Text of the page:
UMS: How did tweeting affect your experience of the performance?
Paul Kitti: Tweeting about the performance to people I knew weren’t in attendance made me more conscious about not only how I was perceiving the experience, but how others might. I also feel if I hadn’t been actively thinking about things to say about what I was seeing, I would have viewed it more passively – almost as if in a trance. I think it was a good thing to be viewing the performance analytically, but at the same time, it somewhat took away from the dreamy, ethereal effect of the ballet.
Mark Clague: I was looking forward to the performance with added anticipation knowing that I’d be participating in the Tweet Seats experiment. For me, the result was positive in that it focused my attention into distilling my experience into pithy statements that could be shared via Twitter. There certainly were times when I had to check out from watching the dance to attend to writing a tweet, although as it turned out, I think tweeting could easily have been limited to the breaks between dances. I did feel a bit uncomfortable tweeting, knowing that I was “breaking the rules” of typical concert behavior and that the glow of my smart phone’s screen on my face might distract others. This distraction factor would seem to be maximized in theatrical presentations and dance where the audience is in complete darkness and the stage is lit with colored lighting and other effects that are vital to the aesthetic of the performance. Dance / theater must be watched so it prompts the question of whether an instrumental concert might be more hospitable for tweeting as one can hear and look at a handheld device at the same time, plus audience lighting is low but not black for say an orchestral concert which would make screen glow less remarkable.
Leslie Stainton: I think I felt a bit the way I did in third grade, passing notes back and forth during class and hoping I didn’t get caught, meanwhile missing most of what the teacher was trying to teach. I’m afraid the experience has not changed my (admittedly biased) opinion that tweeting–and much of social media, for that matter–is a largely superficial, narcissistic activity beloved by people with a tendency toward ADD. I didn’t mind tweeting during intermission, but when I did it during the performance I completely missed what was happening onstage and disrupted any sort of narrative continuity. I found myself thinking more about how clever I could be tweeting than about what the pieces were trying to say to me. It kept me from delving more fully into the experience. I was “present,” yes, but mostly to myself and the small gaggle of people who were tweeting and following tweets. In retrospect, I think I got the lesser end of the deal.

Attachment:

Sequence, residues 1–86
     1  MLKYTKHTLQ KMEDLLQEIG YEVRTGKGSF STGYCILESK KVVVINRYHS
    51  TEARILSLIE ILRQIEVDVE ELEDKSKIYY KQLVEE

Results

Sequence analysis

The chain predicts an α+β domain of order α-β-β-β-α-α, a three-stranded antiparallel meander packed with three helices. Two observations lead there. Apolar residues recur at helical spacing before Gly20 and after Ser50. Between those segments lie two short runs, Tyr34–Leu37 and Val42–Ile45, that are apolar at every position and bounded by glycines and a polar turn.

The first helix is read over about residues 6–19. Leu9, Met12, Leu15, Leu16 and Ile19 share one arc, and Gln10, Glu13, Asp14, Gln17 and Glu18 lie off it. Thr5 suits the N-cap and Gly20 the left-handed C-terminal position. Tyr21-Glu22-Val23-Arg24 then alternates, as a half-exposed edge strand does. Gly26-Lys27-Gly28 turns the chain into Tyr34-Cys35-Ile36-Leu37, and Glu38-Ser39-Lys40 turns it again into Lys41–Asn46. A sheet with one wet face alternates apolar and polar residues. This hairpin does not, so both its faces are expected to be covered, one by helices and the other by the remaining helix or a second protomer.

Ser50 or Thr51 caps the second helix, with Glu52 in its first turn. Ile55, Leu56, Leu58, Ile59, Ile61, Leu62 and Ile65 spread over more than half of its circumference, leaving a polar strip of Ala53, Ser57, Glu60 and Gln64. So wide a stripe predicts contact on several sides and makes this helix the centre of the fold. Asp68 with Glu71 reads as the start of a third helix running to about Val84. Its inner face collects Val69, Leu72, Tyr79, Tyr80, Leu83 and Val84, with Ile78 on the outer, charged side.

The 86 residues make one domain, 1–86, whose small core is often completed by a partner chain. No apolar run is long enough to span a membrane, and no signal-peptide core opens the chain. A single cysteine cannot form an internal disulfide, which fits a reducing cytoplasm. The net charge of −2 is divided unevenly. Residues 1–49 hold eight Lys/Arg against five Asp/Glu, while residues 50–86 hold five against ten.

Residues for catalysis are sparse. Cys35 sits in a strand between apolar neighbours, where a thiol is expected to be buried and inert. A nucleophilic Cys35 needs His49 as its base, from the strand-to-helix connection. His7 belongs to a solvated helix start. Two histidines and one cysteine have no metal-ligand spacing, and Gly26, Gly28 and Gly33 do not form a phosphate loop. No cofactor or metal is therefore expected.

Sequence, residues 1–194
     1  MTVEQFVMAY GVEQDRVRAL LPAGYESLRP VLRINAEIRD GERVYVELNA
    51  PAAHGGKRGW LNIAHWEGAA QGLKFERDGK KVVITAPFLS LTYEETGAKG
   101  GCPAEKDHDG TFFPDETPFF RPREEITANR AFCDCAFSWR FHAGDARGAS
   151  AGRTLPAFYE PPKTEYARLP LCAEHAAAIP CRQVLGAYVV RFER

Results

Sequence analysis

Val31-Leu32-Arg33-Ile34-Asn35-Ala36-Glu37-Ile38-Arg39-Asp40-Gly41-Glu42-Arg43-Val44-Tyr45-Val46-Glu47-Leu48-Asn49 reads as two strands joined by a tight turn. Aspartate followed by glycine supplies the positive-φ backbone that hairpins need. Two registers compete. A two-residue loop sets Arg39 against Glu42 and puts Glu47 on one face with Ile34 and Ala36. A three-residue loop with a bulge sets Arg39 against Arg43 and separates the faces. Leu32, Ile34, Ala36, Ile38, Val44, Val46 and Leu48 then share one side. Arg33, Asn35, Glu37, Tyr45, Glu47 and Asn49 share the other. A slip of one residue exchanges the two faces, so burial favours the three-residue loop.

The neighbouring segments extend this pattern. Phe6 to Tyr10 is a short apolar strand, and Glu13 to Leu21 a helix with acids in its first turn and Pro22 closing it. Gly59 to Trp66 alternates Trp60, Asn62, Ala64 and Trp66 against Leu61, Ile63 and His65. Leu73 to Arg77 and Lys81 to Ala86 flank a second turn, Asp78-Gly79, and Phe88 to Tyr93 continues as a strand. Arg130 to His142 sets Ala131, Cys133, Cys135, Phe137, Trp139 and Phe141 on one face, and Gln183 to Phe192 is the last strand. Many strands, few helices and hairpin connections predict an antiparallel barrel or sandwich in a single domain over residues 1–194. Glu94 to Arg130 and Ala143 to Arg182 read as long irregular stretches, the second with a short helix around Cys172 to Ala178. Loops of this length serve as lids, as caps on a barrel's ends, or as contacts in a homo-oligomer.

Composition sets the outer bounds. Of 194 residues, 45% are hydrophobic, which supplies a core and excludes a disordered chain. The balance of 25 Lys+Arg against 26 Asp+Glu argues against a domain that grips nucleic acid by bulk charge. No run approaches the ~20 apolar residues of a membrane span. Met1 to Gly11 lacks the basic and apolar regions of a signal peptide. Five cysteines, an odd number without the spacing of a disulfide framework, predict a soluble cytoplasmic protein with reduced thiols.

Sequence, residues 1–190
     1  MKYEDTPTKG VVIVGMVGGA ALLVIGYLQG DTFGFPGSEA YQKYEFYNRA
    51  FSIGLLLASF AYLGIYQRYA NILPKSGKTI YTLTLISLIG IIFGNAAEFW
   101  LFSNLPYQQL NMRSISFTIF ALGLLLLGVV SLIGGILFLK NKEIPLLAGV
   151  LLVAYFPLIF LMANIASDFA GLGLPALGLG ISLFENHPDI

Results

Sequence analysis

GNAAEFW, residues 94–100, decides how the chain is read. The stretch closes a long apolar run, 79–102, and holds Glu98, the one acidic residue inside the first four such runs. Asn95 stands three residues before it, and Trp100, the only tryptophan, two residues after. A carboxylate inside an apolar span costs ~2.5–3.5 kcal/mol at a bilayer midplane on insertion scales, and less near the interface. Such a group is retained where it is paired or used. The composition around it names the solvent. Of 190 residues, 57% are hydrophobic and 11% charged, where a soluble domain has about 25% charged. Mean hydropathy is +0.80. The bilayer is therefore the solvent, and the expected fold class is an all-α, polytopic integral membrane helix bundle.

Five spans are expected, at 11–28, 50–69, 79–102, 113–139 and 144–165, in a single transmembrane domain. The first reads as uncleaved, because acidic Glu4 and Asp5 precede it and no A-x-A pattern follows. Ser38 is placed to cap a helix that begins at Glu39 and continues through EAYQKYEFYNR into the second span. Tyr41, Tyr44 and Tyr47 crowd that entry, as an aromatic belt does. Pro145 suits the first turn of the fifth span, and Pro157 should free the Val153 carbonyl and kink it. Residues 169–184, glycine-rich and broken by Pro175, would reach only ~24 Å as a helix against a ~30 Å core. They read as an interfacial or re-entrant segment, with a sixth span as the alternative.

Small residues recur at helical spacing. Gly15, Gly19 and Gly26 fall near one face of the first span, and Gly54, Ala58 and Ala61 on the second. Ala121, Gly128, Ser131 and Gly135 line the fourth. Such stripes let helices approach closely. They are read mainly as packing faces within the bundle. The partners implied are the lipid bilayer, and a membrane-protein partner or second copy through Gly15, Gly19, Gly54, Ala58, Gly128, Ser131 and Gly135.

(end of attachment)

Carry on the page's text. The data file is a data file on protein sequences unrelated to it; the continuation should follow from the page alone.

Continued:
Do we really need to “perform” as we watch performances? And what about those audience members who were spending their time tracking tweets rather than engaging fully with what was happening onstage? And what about the poor performers–going through their extraordinary paces to a distracted audience?
Jordan Miller: I think that the tweeting greatly enhanced my experience. I was able to share my thoughts with a whole variety of people, and to hear what they had to say. There were some people tweeting with a much greater knowledge of dance than I have, and that helped me appreciate aspects I wouldn’t have even thought about.
UMS: Did you expect this effect or are you surprised by this outcome?
Paul Kitti: I really didn’t know what to expect, but I wouldn’t say I was surprised. The ongoing tweet conversation made it feel more like a community experience, which I thought was cool.
Mark Clague: One surprise to me was that our tweeting didn’t really amount to a conversation. I think this was because we were sitting together at the back of the hall and thus our dialogue happened by turning to each other in response to a tweet rather than using twitter. Several times one person would turn to another at an intermission break to say “nice tweet,” or to discuss a topic that might have been too sensitive to post to the world — for example, the sexual overtones of the opening dance. In this sense, tweets did create a conversation and introduced me to new people, but tweets served as conversation starters for a face-to-face dialogue rather than the conversation itself. I can imagine a twitter section doing something similar in that those who choose to sit there are making a statement that they are engaged in the performance to search for things to share and discuss. Therefore, one doesn’t feel awkward in turning to a neighbor during the show to find out their twitter ID name and to ask a face-to-face followup based on some observation. I’d love to experience a performance in which several dozens of tweeters were engaged as I wonder how the momentum of the electronic conversation might be different. I made new friends at the Santa Fe performance via Tweeting and what surprises me is that I’d recognize them today if they sat next to me on a campus bus. Rather than substituting for person-to-person engagement with virtual friends, my twitter seat experience created real world connections.
Leslie Stainton: I’m not convinced the activity of tweeting enriched my experience of the concert in any way. I’ll try it again Thursday (though can’t promise how actively I’ll tweet during a show, in French, that has no intermission!). It certainly doesn’t seem to be the same sort of reflective activity as, say, blogging, or writing up a comment for the Lobby. Maybe I’ll change my mind? Doubt it!
Jordan Miller: I hadn’t expected the conversation to be so robust. Not only were the official “tweeters” engaging, but there were other audience members tweeting during intermission and before and after the performance as well, and that was very cool. In fact, I was able to meet up with a student who was at the show and talked to her afterward.
Stay tuned for the next tweet seats event: Théâtre de la Ville’s Ionesco’s Rhinocéros on Thursday, October 11.